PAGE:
Williams v. State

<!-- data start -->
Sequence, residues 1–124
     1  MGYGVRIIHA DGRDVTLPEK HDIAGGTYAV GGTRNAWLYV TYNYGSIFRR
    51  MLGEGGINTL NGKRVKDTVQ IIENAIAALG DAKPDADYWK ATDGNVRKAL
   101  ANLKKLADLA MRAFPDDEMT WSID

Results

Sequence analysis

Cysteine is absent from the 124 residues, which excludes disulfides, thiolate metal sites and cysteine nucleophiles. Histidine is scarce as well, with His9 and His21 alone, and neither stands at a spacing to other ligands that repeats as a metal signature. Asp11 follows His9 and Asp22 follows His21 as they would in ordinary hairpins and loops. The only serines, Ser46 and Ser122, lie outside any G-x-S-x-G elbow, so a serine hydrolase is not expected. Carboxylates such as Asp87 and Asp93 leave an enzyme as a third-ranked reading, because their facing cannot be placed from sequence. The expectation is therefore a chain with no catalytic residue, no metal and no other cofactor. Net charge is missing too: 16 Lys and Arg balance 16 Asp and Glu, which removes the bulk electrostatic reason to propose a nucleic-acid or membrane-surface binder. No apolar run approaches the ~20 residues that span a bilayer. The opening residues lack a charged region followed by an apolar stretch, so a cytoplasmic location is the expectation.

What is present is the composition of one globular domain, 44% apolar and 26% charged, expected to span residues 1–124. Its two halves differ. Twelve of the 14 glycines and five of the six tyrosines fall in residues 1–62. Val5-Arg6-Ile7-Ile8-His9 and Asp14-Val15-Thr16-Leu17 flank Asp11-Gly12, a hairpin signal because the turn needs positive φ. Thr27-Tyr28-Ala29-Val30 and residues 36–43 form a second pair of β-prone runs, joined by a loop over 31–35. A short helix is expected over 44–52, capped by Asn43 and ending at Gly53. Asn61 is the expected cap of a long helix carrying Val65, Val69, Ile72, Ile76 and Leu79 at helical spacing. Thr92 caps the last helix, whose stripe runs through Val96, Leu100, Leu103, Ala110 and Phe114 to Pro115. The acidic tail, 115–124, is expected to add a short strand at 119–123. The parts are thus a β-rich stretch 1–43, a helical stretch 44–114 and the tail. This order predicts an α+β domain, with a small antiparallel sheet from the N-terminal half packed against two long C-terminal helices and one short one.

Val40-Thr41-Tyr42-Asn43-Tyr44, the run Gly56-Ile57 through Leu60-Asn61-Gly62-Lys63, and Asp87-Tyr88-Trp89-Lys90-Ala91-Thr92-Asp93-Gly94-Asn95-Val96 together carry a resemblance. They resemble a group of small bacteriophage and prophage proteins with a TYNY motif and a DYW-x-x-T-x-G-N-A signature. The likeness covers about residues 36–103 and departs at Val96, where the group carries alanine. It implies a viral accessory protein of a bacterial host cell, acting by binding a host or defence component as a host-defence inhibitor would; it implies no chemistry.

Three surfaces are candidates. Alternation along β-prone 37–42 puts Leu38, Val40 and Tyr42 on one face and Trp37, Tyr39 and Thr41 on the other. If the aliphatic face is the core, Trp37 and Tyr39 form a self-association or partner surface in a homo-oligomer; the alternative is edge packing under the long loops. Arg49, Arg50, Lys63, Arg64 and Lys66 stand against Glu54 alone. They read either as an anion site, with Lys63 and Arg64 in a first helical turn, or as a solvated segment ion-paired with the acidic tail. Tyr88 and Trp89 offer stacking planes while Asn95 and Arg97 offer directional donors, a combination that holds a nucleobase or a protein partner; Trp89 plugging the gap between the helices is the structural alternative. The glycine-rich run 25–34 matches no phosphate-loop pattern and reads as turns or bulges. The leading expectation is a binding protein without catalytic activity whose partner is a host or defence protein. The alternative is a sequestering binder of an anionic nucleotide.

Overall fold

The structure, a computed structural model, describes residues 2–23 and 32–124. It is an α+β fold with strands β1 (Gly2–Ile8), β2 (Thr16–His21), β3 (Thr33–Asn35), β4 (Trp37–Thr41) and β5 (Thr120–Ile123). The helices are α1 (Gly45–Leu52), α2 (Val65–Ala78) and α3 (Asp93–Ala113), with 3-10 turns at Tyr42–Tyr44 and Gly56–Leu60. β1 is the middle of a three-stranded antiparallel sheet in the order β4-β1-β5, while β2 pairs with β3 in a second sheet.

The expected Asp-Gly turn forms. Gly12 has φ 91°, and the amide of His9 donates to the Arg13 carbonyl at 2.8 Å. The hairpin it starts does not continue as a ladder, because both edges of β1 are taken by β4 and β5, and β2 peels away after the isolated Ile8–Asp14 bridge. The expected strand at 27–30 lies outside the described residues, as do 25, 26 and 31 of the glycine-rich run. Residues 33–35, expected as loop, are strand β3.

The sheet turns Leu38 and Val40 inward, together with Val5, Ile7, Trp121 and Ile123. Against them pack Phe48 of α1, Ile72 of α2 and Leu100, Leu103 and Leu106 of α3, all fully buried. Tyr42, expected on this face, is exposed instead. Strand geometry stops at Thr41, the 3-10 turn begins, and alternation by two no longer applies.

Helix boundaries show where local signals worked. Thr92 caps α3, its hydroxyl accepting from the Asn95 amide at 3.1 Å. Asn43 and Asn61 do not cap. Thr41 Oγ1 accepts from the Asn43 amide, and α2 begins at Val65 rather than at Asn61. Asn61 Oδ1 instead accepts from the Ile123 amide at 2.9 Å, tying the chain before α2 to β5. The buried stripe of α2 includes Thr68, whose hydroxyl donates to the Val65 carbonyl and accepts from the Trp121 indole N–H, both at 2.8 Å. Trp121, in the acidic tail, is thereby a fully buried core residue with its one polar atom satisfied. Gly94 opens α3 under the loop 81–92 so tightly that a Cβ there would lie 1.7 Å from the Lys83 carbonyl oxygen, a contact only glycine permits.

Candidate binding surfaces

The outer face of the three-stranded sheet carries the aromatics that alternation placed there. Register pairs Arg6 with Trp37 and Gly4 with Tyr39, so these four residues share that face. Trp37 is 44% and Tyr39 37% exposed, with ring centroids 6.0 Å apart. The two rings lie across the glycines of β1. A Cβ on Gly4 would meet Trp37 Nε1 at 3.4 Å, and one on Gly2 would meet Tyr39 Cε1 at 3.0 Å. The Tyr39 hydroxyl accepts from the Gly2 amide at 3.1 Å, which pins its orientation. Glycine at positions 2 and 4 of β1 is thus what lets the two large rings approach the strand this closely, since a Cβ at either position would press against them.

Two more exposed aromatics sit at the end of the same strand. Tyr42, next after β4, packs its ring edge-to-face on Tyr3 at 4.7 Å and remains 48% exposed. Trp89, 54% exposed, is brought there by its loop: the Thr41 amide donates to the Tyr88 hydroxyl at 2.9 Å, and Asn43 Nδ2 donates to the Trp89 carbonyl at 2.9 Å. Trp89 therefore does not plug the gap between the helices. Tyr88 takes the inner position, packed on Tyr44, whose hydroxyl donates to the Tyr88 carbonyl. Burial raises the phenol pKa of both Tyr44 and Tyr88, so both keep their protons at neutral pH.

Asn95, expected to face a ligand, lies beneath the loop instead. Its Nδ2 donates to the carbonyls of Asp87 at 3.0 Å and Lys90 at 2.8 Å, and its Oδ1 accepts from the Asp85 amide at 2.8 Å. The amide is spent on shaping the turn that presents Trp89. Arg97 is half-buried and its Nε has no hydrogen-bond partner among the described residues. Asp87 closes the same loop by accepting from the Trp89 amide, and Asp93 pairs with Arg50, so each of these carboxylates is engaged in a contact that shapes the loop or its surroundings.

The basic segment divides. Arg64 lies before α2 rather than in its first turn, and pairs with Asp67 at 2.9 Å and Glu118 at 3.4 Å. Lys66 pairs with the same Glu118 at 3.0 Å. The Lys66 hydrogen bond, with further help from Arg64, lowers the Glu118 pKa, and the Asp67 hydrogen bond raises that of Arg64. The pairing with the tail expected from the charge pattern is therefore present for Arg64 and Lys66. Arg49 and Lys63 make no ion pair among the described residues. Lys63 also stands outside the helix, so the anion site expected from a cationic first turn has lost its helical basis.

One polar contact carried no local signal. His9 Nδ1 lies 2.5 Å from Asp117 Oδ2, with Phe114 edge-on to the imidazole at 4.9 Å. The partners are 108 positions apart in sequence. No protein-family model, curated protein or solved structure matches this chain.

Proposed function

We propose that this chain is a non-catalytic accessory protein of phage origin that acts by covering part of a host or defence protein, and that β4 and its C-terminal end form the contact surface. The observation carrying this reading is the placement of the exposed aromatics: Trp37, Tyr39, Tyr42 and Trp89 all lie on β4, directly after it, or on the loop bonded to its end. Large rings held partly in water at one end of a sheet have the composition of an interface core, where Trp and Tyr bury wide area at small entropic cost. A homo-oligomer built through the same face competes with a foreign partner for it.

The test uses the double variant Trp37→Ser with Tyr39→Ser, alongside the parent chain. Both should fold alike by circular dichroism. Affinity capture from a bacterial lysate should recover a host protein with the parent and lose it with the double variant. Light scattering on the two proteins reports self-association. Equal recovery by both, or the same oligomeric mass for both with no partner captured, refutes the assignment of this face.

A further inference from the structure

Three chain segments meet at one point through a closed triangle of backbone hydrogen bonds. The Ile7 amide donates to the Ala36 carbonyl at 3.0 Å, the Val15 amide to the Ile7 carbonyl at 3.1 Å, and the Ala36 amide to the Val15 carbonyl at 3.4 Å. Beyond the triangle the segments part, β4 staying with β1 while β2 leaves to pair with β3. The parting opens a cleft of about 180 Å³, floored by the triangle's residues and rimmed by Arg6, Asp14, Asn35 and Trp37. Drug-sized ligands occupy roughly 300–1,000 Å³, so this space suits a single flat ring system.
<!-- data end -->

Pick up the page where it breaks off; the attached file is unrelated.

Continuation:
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John Louise Williams v. State of Maryland, No. 73, September Term, 2004 CRIMINAL LAW AND PROCEDURE. RESTITUTION - DIRECT RESULT OF CRIME. Three motorcycles were stolen from the victim s ga rage in Baltim ore C ounty. Tw o days later, the motorcycles were recovered undama ged in the yard of the def endant/ap pellant, Williams, in B altimore C ity. When the v ictim appea red at the B altimore C ity impound lot to reclaim the vehicles, he was denied recovery by the C ity because he was una ble to produce title to the motorcycles. Williams pleaded guilty to one count of theft over $500. In the adopted factual statement in support of the gu ilty plea, the value of the motorcycles was placed at $1500. Williams argued against an order of restitution merely because the victim was unable to reclaim the motorcyc les due to his apparent failure to title the motorcycles. The State argued for restitution arguing the victim s motorcycles wou ld not be in th e impoun d lot but for th eir theft by Williams. The trial judge ordered restitution. The relevan t part of the statu te gove rning re stitution, § 11-603 (a) of the Md. Code, Criminal Procedure Article, allows restitution to be ordered for losses if they occurred as a direct result of the crime. A mere nexus causal relationship, or even tort-like proximate cause, between the crime and an alleged loss is insufficient. There was no evidence in the statement of facts that the motorcycles were damaged or their value depreciated by the theft. The victim s inability to demonstrate title to the motorcycles, or other evidence of ownership, was the sole reason he could not recover them. Thus, on the factual record of this case, any loss (if there was one within the mean ing of the sta tute) was n ot the direct res ult of the theft of the mo torcycles. See also P ete v. State, 384 Md. 47, 86 2 A.2d 419 (2 004). IN THE COURT OF APPEALS OF MARYLAND No. 73 September Term, 2004 JOHN LOUISE WILLIAMS v. STATE OF MARYLAND Bell, C.J. Raker Wilner Cathell Harrell Battaglia Greene, JJ. Opinion by Harrell, J. Filed: February 4, 2005 I. In the Circuit Court for Baltim ore Cou nty on 9 Oc tober 200 3, Appe llant, John Louise Williams, pleaded guilty to one count of theft over $500. At the plea proceeding, the Assistant State s Attorney recited the following supporting statement of facts, which were agreed to by Appellan t s trial counsel, a lthough sh e reserved the right to arg ue as to restitution: Your Honor, th e State in support of the defe ndant s guilty plea, on April 1 st, 2003 O fficer Gre lak, G-R-E -L-A-K , responde d to 7600 Goug h Stree t for a bu rglary. Upon arrival he spoke w ith the victim, Craig Jones. Mr. Jones advised that between March 31 st, 2003 at approximately 9 o clock p.m. and Ap ril 1 st, 2003 at 9:15 a.m., unknown subjects cut the padlock[1] on the far side door of his garage and removed the following items: A 1975 Yamaha GT80R motorcycle, a Suzuki DS-80 motorcycle, a 1994 Yamaha PW50 motorcycle, and finally a 2002 Yamaha TTR225R motorcycle. The total value of the property loss was $4,100. On April 3 rd , 2003, a teletype was received at Precinct 12 in reference to the recovery of the 2002 Yamaha TTR225R motorcycle. The motorcycle was recovered by Officer Saund ers of the Baltimo re City Police, Northeast District. She advised that she recovered the motorcycle along with three others on April 2 nd , 2003 in the rear yard of 3018 Clifton Park Terrace. The motorcycle was in possession of John Louise Williams and Alan Williams. Both w ere arrested and the motorcycles w ere towed for storage. 1 Although Williams was charged, among other things, with malicious destruction of property to wit, the padlock, and the Application For Statement of Charges claimed the padlock was valued at $5.00, neither figured in the State s rendition of the statem ent of fac ts offered in support of the guilty plea to the theft over $500 count. Thus, the asserted value of the padlock h ad no bea ring on w hether the re stitution ordere d in connection with the theft count was appropriate. On April 24th , 2003, Detective Claridge along with Sergeant Stelmack met with Craig Jones at the Baltimore City impound lot to identi fy the stole n moto rcycles. M r. Jones identified an additional motorcycle as belonging to him. He identified it by the white epoxy on the tail pipe. Specifica lly, Judge, what unfortunately happened, the motorcycle that was the most expensive was actually recovered and returned to the victim. There was a Mr. Jones was actually maintaining possession of that motorcycle for another individual who ha d properly titled it. T hat motorc ycle was subseque ntly returned to the victim, the owner of the motorcycle. The other three motorcycles, because Mr. Jones used them for off road p urposes an d rightly or wrongly did not title them , [the ] Baltimo re City impound lot would not return them to him de spite the f act th at the y were recovered and M r. Jones identifie d them as belo nging t o him. So he of course is still out the $15 00, and tha t, I think, is the sub ject of the restitution issue that we re g oing to argu e about. This case did occ ur in Ba ltimore C ounty. Of course Mr. Jones did not give anyone permission to remove any cycles or have them without his permission. The trial judge found the facts sufficient to support the guilty plea and, acco rdingly, found Appellant guilty. As to sentence, defense counsel argued: [DEFEN SE CO UNS EL]: Re garding the issue for restitu tion, Your Honor, a ll the property w as recover ed. The fa ct that it wasn t returned by the Prope rty Division b y the impoun d lot is not within Mr. Williams control. The fact that the victim didn t have it properly titled to him self is not Mr. W illiams fault. That is an issu e for the victim. The restitutio n would not be ow able by Mr. W illiams f or prop erty that is re covere d. That s an entirely separate issue as to whether or not the impound lot released it to the victim or to whoever it s titled to. It s the same as if the victim has it and it s titled to a third person, he can simply ask the third pe rson to g et it releas ed. It s not restitution that Mr. Williams owes. 2 THE COURT: Well, he wouldn t have had to worry about the recovery if Mr. Williams didn t steal it, would he? [DEFENSE COUNSEL]: Certainly not. It wouldn t be in the impound lot but for M r. Williams ac tions. But if he didn t have it insured or licensed for some reason, that has nothing to do with Mr. W illiams. That s an issue the victim has with the MVA regarding th e motorcycle, n ot with Mr. Williams. And I would ask You r Honor n ot to impose restitution since the property has been recovered. It seems to me there are other avenues that the victim can pursue with the person who indeed does have the title. In arguing for restitution, the prosecutor explained: I was up front with [Defense Counsel]. I told her that the bikes were actually recove red and tha t in speaking with the victim, the victim explained to me and he s not here today because he actually has testicular cancer and was just coming off his chemotherapy was that he just didn t title them because he used them for off road. And again, whether rightly or wro ngly, that s what he indicated and the impound lot w ould not return them to him. I sort of take the same view as the Cou rt, I d otherw ise defer to the Court, t hat but for Mr. Williams, he would still have these bikes. That s the reason I m asking for the restitutio n, but I ll defer to the Court on that as well. The trial judge, in addition to imposing a sentence of five years incarceration (all but 30 months suspende d and five years probation ), ordered W illiams to pay restitutio n to Jones in the amount of $1,500. Williams appea led to the Court o f Spec ial App eals, challenging the legality of the order of restitution component of his sentence. Before the intermed iate appellate court 3 decided the appeal, we, on our initiative, issued a writ of certio rari to conside r the sole question of whether the order of restitution was leg al. Williams v . State, 383 Md. 211, 857 A.2d 1129 (20 04). Oral arg ument w as held in this case on 7 December 2004, the day after the Court s opinion in Pete v. State , 384 Md. 47, 862 A.2d 419 (2004) was filed. Pete, as we make clear later, has a marked effect on the outcome of the present case.2 II. Md. Code (2001, 2004 Supp.), Criminal Procedure Article, § 11-603, the relevan t part of the statutory scheme governing restitution in criminal cases,3 provides in pertinent part as follows: (a) Conditions for judgment of restitution. A court may enter a judgment of restitution that orders a defendant or child respondent to make restitution in addition to any other penalty for the commission of a crime or delinquent act, if: (1) as a direct result of the crime or delinquent act, property of the victim was stolen, damaged, destroyed, converted, or unlawfully obtained, or its value substantially decreased; (2) as a direct result of the crim e or delinqu ent act, the victim suffered : * * * * * (ii) any other direct out-of-pocket loss 2 To their credit, counsel for both parties at oral argument expressed awareness of Pete and engaged in offering their views as to its effect here. 3 Restitution as it relates to criminal cases currently is regulated in §§ 11-601 - 11-618 of the Criminal Procedure Article. For a thorough review of the history of restitution, see Judge Wilner s d iscussion in Grey v. Allstate Ins. Co., 363 Md. 445, 450-62, 769 A.2d 891, 894-900 (2001). The current relevant version of § 11-603 remains unchanged from the 2001 version, enacted by Chp. 10, Acts 2001, in effect at the time of Williams s sentencing. 4 * * * * * (c) Effect of judgment of restitution. (1) A judgment of restitution does not preclude the property owner or the victim who suffered personal physical or mental injury, out-of-pocket loss of earning s, or suppo rt from brin ging a civil ac tion to recover damag es from the restitution obligor. * * * * * Because the record does not reveal that the three motorcycles at issue were damaged when recovered by police with in a day or two of their thef t, presumab ly, had Jones b een able to reclaim the v ehicles from the Baltimo re City impoun d lot, his situation would not have f it within the relevant statutory justifications supporting an order of restitution in this case.4 The key factual predicate for whether the order ente red in this case was proper was that the Baltimore City authorities rebuffed Jones s attempt to repossess the motorcycles because he not offer s ufficient e vidence of his ownership of the vehicles.5 Had could 4 In addition to the record lacking evidence of damage to the motorcycles arising from their theft, there was no evidence the vehicles suffered depreciation in value or that Jones incurred an y particular amo unt of ou t-of-pock et loss related to the theft. 5 The agreed statement of facts supporting the plea in this case offers as the only reason the motorcycles were not returned to Jones that he did not offer proof of title to them in h is name. The further suggestion in the agreed statement is that Jones had not titled the vehicles in his nam e beca use of his belie f that titlin g was not req uired if they wer e only u sed . . . for off road purposes. The parties to this case have not concerned themselves much w ith analyzing the legitim acy of the reason offere d for th e refus al to retu rn the v ehicles. There is a meaningful difference between titling and registration under the relevant State statutes. S ection 1 3-101 .1 of the Tra nsportation Article of the Md. Code (1977, 2002 Repl. Vol.), require s that, unless cov ered by an ex ception en umerated in § 13-102 (none of which appear relevant here), the owner of each vehicle that is in this State and for which (contin ued...) 5 5 (...continued) the [Motor V ehicle] Administration has not issued a certificate of title shall apply to the Administration for a certificate of title of the vehicle. A vehicle, within the meaning of the Maryland V ehicle Law generally, is any de vice in, on, or b y which an y individual or property is or might be transported or towed on a highw ay. § 11- 176 (a) , Transp . Art. A certificate of title to a vehicle is prima fac ie evidence of who owns it. § 13-107 (a)(2) and (c), Transp. Art. The Administration is precluded from issuing registration of a vehicle unless it also h as issue d to the o wner [ of a ve hicle] a c ertificate of title of the veh icle . . . . §13402 (b), Tr ansp. Art. Vehicle registration, as a separate documentary process, requires that each motor vehicle . . . driven on a highway shall be registered with the Admin istration, unless otherwise provided in . . . the Maryland Vehicle Law. The definition of motor vehicle , as opposed to merely a vehicle, is generally a vehicle that is self-propelled . . . . § 11135, Transp. Art. A motor cycle, as a sub-sp ecies of both v ehicle and m otor ve hicle, is generally a motor vehicle that: (1) has one front wheel and one or two rear wheels on a single axle; (2) is self-propelled by a motor with a rating of more than 1.5 brake horsepower and a capacity of at least 49 cubic centimeters piston displacement; (3) has a singular front steering road wheel mounted in a fork assembly that passes through a frame steering bearing and to which is attached a handlebar or other directly operated steering device; (4) has a seat that is straddled by the driver; and (5) except for a windshield or windscreen, does not have any enclosure or provision for an enclosure for the driver or any passenger. § 11-136, Transp. Art. We shall assume for purposes of this opin ion that the p ertinent three m otorcycles held in the Baltimore City impound lot met this definition. If required to be registered, a motor vehicle may be registered without a certificate of title (§ 13-402 (b ) notwithstanding), but only under v ery limited cond itions. § 13-1 09, Transp . Art. Of greater relevance to the facts of the present case, however, is the provision of § 25-102.1 of the Transportation Article: § 25-102.1. Off-the-road motorcycles. (a) Definiti on. (1) In this section, off-the-road motorcycle means a motorcycle not otherwise registered under this article. (2) Off-the-road motorcycle includes motorcycles designed for off-the-road operation, motorcycles not otherwise eligible for registration under this article, and motorcycles commonly referred to as dirt bikes . (b) Regulation. Each county and Baltimore City may regulate (contin ued...) 6 Jones been able to do so, Williams argument, at least in its present posture, could not be 5 (...continued) the operation of off-the-road motorcycles, require them to be registered, and impose a registration fee for them. From the fore going r egulato ry schem e, we glean that, assuming the motorcycles were offthe-road motorcycles and used only for that purpose (within the meaning of § 25-102.1), Jones (if he was the owner) was not required to register them with the S tate Moto r Vehicle Administration, but was re quired to apply to the Administration for a certificate of title as to each. Of tangential interest and adding to the complexity of whether Jones could have produced evidence of ownership of the motorcycles, Jones s home county, Bal timo re Coun ty, where the motorcycles were stored at the time of their theft by Williams, required registration of off-the-road motorcycles. See generally §§ 21-12-101 th rough 21-12-30 8, Baltimore County Code (2004). Submission of an application for such registration must include (1) the identity of the owner and (2) the curren t certificate of title iss ued by the Sta te Motor V ehicle Administration, a certificate of origin, or a genuine bill of sale. § 21-12 -201 (b) and (c), County Code. When the County issues such a registration, the owner receives a registration card bearing, among other things, his or her name as owner, a registration number assigned by the County for each motorcycle, the man ufacturer s serial number o n the motorcycle s engine and frame, and a description of the motorcycle. § 21-12-205, County Code. The registration card is to be carri ed by the owne r at all tim es. § 21 -12-21 1, Cou nty Cod e. If a registered motorcycle is sold, the seller is required to inform the buyer that registration may be required before the m otorcycle may b e driven in the Co unty. § 21-12-210, County Code. By the same to ken, Baltim ore City (wh ere Jones so ught to recla im the property) appears to have exercised a bit differently its authority granted by § 25-102.1 (b) of the Transp. Art. of the Md. Code . Section 40-6 of the Baltimore City Code prohibits outright the driving or riding of any dirt bike or u nregistered m otorcycle on a ny public or pr ivate prope rty in the City. App arently, under this prohibition, re gistration w ith the City is not an option to legitimate such vehicles. On this record, we do not know whether Jones registered these off-road motorcycles with Baltimore County, or whether he possessed a certificate of title or other evidence of ownership as required by the State Vehicle Law. What we may observe, however, is that apparently there were alternate means by which Jones could have acquired and produced evidence of his owne rship of the three motorcycles, an apparent c ondition pre cedent to th eir release by the impound lot personnel. Such a condition seems both reasonable and foreseeable under the circumstances. 7 maintained. Because Jones s inability to recover the undamaged vehicles was arguably due solely to his sin of omission in not titling the vehicles in his name and producing proof of those titles (or alternative documentation of ownership), Williams maintains Jones suffered no loss or injury for w hich restitution could be o rdered (w ithin the meaning of the statute), and, in any event, if h is inability to reclaim the motorcycles was deemed a loss or injury, the loss or injury did n ot occur as th e direct resu lt of the thef t. Once again, we are called upon to construe and apply a statute. The overarching standard in any such an alysis may b e stated succi nctly. Our preemin ent goal is to discern and implement legislative intent, and, to do that, we begin with the plain meaning of the statutory language. If the intent is clear from that language, there is no need to search further . Walker v. Dept. of Human Res., 379 Md. 407, 420, 842 A.2d 53, 61 (2004), quoting Allstate v. Kim, 376 M d. 276, 290 , 829 A.2d 611, 619 (2003); see also Podgurski v. OneBeacon Ins. Co., 374 Md. 133, 142, 821 A.2d 400, 405-06 (2003); Maryland Div. of Labor & Industry v. Triangle Gen. Contractors, Inc., 366 Md. 407, 420-21, 784 A.2d 534, 541-42 (2001); Anne A rundel C ounty, M d. v. City of A nnapolis, 352 Md. 117, 123, 721 A.2d 217, 220 (1998). We find that is the case here. As we recently reiterated in State v. Ga rnett, Term, 2004) (filed 2 2 Decemb er 2004): 8 Md. (2004) (No. 47, September Restitution imposed under Article 27, Section 807[6] is a criminal sanction, not a civil remedy. Grey v. Allstate Insurance Company, 363 M d. 445, 4 51, 769 A.2d 8 91, 895 (2001) (emphasis in original). Judge Wilner, writing for this Court in Grey, traced the history of restitution and explained that it serves retribu tive, deterrent, an d rehabilitative objectives, which are the p rincipal functio ns of c riminal p unishm ent. Id. at 459-60, 769 A.2d at 899-900. We explained that penal goals are accomplished through restitution to the extent that the defendant is forced to focus on the harm that was caused to the victim. Grey, 363 M d. at 459, 76 9 A.2d a t 899. Like wise, restitution is a monetary detriment to the defendant and satisf[ies] society s demand for meaningful justice, thus serving the punitive objective of the criminal system. (Slip op. at 9-10) (some interna l citations omitted). Instructive to the present case is our recent opinion in Pete v. State , 384 Md. 47, 862 A.2d 419 (2004). Pe te committed second degree assault on a woman in her apartment and fled the scen e in a pic kup tru ck. Id. at 51, 862 A.2d at 421. About two hours later, a police officer on patrol in his marked vehicle in another part of the city spotted Pete in his pickup. Id. The officer activated his vehicle s overhead lights and b egan to follow P ete in an effort to make a tra ffic stop. Pe te sped away, but then abruptly stopped, causing the police cruiser to collide w ith the re ar of the pickup truck. Id. at 51-52, 862 A.2d at 421. The police cruiser, it was determined later, suffered $6,490.53 in damages. Pete fled the accident scene, but was captured. 6 Article 27, Section 807 was recodified without substantive change as Md. Code (2001), § 11-603 of the Criminal Procedure Article. 9 In addition to the second degree assault on the woman, Pete was charged with, among other things , reckless drivin g in conne ction with th e collision w ith the police c ruiser. Pete was convic ted of b oth off enses. Id. at 49-50, 862 A.2d at 420. The trial court sente nced him on the assault conviction to eighteen months imprisonment, with all but two months suspended in favor of three years probation upon release. As one of the conditions of probation regarding the assault con viction and sentence, P ete was o rdered to make restitution in the sum of $6,490.53 to the Loc al Gover nment Ins urance T rust (LGIT ) for the repa irs to the police cruiser. On the non-incarcerable reckless driving conviction, the Court assessed a fine o f $250 .00. Id. at 52-53, 862 A.2d at 421-22. On certiorari review in this Cou rt, Pete argued, an alogous to Williams s a rgumen t in the present case, that the order of restitution as to LGIT, whether as a direct part of the sentence or as a condition of probation, was illegal because the damage to the police cruiser was not, within the meaning of § 11-603 (a)(1), the direct result of the conduct giving rise to the co nviction for sec ond de gree as sault. Id at 50, 862 A.2d at 420.7 In considering Pete s arguments in this regard, we observed that [t]he term direct result of the crime appeared first in the Restitution for Crimes Act of 1977. 1977 M d. Laws, 7 The charge of reckless driving, which arose directly from the collision of the police vehicle with Pete s pickup truck , was not a crime f or which restitution may be ord ered under the statu te. Pete, 384 Md. at 56-57, 862 A.2d at 424. Reckless driving is a nonincarcerab le misdemeanor. For purposes of restitution being authorized as a direct part of a sentence, th e related crim e, when it is a violation of the Transportation Article, must be punishab le by a term of con finem ent . Id. at 56, 862 A.2d at 424; Md. Code (2001), § 11601 (d)(2), of the Criminal Procedure Article. 10 Chap. 581 (H.B. 1680); Md. Code (1957, 1976 Repl. Vol., 1977 Cum. Supp.), Art. 27, § 640 (b). Id. at 57, 8 62 A.2d at 424. Regarding the legislative history of H.B. 1680, we comme nted that there was little to suggest that direct result of the crime means anything other than that discerned from the plain language. The history of H.B. 1680 shows th at the Direc tor of the D epartmen t of Legisla tive Reference of the General Assembly had sought, and received, the existing restitutio n statutes of the Colorado, Georgia, and Oklahoma code from their respective legislative bodies. Of these statutes, only the Okla homa statu te provided specifically that, Mon etary restitution shall mean the sum paid by the defendant to the victim of his criminal act to compensate that victim for the economic loss suffered as a direct result of the criminal act of the def ender. 1976 O kla. Ses s. Law s c. 160 , § 5 (emp hasis ad ded). Id. at 58, n.14, 862 A.2d at 425. Pete argued primarily a plain meaning approach to construing § 11-60 3 (a)(1) s direct result language, by which restitution would be limited to the victim of the qualifying crime and that victim s injuries and/or damages arising from that crime. Id. at 59, 862 A.2 d at 426. A lternatively, he urg ed that we apply tort proxim ate cause a nalysis to illuminate what the Legislature meant by direct result. Id. By application of the latter to his facts, the intervening event of his reckless driving incident, occurring in another part of the city from where the assault took place8 and approximately two hours later, would break the cha in of ca usation betwe en the a ssault an d the da mage to the po lice cruis er. Id. 8 No hot p ursuit was in process in c onnection with the ea rlier assault. 11 In Pete, the State advocated a broad reading of § 11-603. Under its approach, if the State can obtain a conviction for a crime where restitution may be had, but is not ordered, and [also] conviction of [an other], related crime, then restitution may be ordered to the appropriate victims as an appropriate sentence under the related crime. Such a reading w ould require solely a nexus betwee n the defendant s criminal activity and the losses that form the basis for an order of restitution. Id. at 60, 862 A.2d at 426. Th e nexus w ould be satisfied if the losses were merely related to the crime or crimes for which a defendant was convicted. Thus, un der the State s Single C harging D ocumen t doctrine, an y count for which a defendant is convicted under the same charging document would be sufficient to satisfy the direct r esult sta ndard. Id. The Court in Pete declined sp ecifically to engage in tort proximate cause analysis (id. at 60, 826 A.2d at 420, n.15) or even to weigh the persuasion quotient of an attenuated nexus between the damages to [the police cruiser] and the assault . . . . Id. at 60-61, 826 A.2d at 426-27.9 Instead, we explained: The General Assembly has required a direct result between the qualifying crime comm itted and the damage s inflicted before restitution may be ordered. Any attempt by a court to cra ft a proximate causation, mere nexus, or single charging document substitute would b e clearly contrary to the plainly-worded intent of § 11-603. 9 The trial judge s co mments in this case imply that a tort-like ( but f or ) proxim ate cause analysis was used, [d]on t we have to take the victims the way we find them? It is exactly this manner of analysis that the Legislature foreclosed by allowing restitution only where the loss w as the d irect resu lt of the c rime. 12 In this case, the co llision with, and resultant da mage, to Patrolman Cheesman s cruiser are a direct resu lt of Pete s reckless driving, not his assault on Ms. Raickle. The damage to the cruiser is a direc t result of Pete stoppling abruptly, from a relatively high rate of speed, in the path of the cru iser. Reckless driving, by definition, is driving with a wanton or willful disregard for the safety of persons or property. § 21-901.1 of the Transportation Article. In this case, Pete s wanton or willful disregard was for the safety of Patrolman Cheesman, his police cruiser, and po ssibly any ot her per son, vehicle, or property on the same roadway or placed at risk by P ete s driv ing. It is easy to see on this record that the damage to the police cruiser could not be a direct result of the assault on another individual that occurred approximately two hou rs earlier than the ve hicle collision. Id. at 61, 826 A.2d at 427. The facts of the present case compel a similar conclusion to that reached in Pete, perhaps even more clearly so. Jones s inability to reclaim the undamaged motorcycles was not the direct result of Williams s theft of them. While there is undeniably a causal link between the theft in Baltimore County and the motorcycles ending up in the Baltimo re City impoundment lot, that nexus does not partake of the directness required by the statute. Moreover, Jones s failure to produce proof of ownership to secure release of the vehicles is in no way a direct result of their underlying theft. The aftermath of the theft in this case merely revealed Jones s possible failures to title properly the m otorcycles with the State and/or register them with Baltimore County. If Jones can muster some means of proving ownersh ip and satisfy the B altimore C ity authorities, he pre sumably w ill be able yet to recover the undamaged vehicles. Failing that, Jones may be able to mount a tort or other civil action against Williams where proof of causation of any alleged damages may be less 13 stringent than in the criminal statute governing restitution. See Grey, 363 Md. at 451, 769 A.2d at 895 ( restitution under the statute is a criminal sanction, not a civil remedy ). To compel Williams to make restitution to Jones, under the circumstances revealed by the record in this case, neither complies with the letter of the statute nor fulfills the purposes of restitution (as explicated in Grey, Pete, and Garnett). Rather it operates to make Williams the insurer of Jones for th e latter s possib le failure to title and/or register the vehicles. Any loss that Jones may have suffered here (if indeed such may be found to have occurred on these facts) is not represented in the reco rd by any damag e to or loss of value cau sed directly by the theft. 9 OCTOBER 2003 ORDER AND JUDGMENT OF RESTITUTION ENTERED IN THIS CASE BY THE C IRCUIT COURT FOR BALTIMORE COUNTY VACATED; COSTS TO BE PAID BY BALTIMORE COUNTY, MARYLAND. 14